Essay on As I lay Dying Seminars

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Faulkner, William. As I Lay Dying. New York City: Vintage Books, 1990. Print

As I Lay Dying Seminars
(Question 3)

In William Faulkner’s novel, As I Lay Dying, the youngest character, Vardaman, has a chapter where he says “My mother is a fish” (84). He is going through some psychological drama due to the death of his mother. He is trying to make logic of the situation. He compares his mom to the fish he caught. The fish was once a fish, alive and well, until it was caught, and Vardaman cut it up. The fish was a fish at first, but after it deceased, it wasn’t a fish anymore. He is basically saying that his mother was his mother, until she died, and now she wasn’t anymore. Vardaman didn’t exactly understand the death of his mother, so
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Faulkner, William. As I Lay Dying. New York City: Vintage Books, 1990. Print

As I Lay Dying Seminars
(Question 3)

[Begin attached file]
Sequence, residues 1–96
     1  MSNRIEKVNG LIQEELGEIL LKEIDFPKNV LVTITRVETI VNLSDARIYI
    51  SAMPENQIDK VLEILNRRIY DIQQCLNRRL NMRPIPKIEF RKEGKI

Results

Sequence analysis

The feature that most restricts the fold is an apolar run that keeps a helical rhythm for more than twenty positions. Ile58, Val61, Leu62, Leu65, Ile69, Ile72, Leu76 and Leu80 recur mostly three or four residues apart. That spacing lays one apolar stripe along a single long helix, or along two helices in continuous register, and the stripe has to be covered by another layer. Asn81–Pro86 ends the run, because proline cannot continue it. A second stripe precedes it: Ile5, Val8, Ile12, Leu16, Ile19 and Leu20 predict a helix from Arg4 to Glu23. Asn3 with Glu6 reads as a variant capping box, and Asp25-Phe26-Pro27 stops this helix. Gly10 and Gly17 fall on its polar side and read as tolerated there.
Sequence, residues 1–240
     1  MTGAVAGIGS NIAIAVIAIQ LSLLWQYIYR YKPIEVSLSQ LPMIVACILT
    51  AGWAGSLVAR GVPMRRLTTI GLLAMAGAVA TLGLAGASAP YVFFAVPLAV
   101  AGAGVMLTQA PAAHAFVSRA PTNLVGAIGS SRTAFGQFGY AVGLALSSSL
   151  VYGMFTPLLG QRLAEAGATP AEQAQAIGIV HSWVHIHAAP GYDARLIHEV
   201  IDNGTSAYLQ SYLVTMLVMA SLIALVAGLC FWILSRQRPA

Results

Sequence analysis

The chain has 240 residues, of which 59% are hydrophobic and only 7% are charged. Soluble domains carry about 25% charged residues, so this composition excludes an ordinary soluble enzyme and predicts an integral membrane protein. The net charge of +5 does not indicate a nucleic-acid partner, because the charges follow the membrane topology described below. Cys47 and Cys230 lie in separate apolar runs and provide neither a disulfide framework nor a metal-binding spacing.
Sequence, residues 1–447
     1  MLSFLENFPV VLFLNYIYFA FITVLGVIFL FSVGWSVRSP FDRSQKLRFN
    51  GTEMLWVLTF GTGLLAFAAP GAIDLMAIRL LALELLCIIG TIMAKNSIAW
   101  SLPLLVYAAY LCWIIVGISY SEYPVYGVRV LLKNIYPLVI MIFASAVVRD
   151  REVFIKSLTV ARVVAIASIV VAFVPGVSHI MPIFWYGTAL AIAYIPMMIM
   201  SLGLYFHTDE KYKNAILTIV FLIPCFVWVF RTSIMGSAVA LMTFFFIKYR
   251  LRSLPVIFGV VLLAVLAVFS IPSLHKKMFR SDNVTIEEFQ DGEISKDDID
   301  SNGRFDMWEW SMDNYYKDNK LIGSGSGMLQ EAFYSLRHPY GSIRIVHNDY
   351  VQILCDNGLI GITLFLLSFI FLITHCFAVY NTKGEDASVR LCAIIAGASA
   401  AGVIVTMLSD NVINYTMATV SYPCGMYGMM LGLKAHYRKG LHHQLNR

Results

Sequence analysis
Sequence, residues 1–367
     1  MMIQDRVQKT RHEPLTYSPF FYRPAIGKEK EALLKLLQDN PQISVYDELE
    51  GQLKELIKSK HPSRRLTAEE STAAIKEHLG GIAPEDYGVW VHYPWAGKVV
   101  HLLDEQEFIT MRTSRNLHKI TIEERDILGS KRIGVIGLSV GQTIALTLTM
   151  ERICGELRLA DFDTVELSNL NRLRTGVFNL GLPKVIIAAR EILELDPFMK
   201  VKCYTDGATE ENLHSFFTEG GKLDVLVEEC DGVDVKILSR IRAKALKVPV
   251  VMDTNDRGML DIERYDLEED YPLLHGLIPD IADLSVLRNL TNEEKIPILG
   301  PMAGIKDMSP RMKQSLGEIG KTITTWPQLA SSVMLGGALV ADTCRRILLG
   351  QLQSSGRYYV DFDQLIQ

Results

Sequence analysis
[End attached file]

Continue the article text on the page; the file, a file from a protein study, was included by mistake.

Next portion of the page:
In William Faulkner’s novel, As I Lay Dying, the youngest character, Vardaman, has a chapter where he says “My mother is a fish” (84). He is going through some psychological drama due to the death of his mother. He is trying to make logic of the situation. He compares his mom to the fish he caught. The fish was once a fish, alive and well, until it was caught, and Vardaman cut it up. The fish was a fish at first, but after it deceased, it wasn’t a fish anymore. He is basically saying that his mother was his mother, until she died, and now she wasn’t anymore. Vardaman didn’t exactly understand the death of his mother, so in his eyes, comparing her to a fish, was the best thing he could do. Although Vardaman is a child, I believe that this isn’t a good start for his life. He is always going to have psychological trauma because of his mother’s death. He may not ever recover from this. This situation may have changed his whole perspective on life. For example, after his mother’s death, Vardaman beats Peabody’s horses. He says that he “can hear the stick striking; I can see it hitting their heads, the breast-yoke, missing altogether sometimes as they rear and plunge, but I am glad…. You kilt my maw!” (54). He is obviously really upset, and her death is affecting him. He chooses to act out in a highly violent and negative way, and blame her death on horses. I’m

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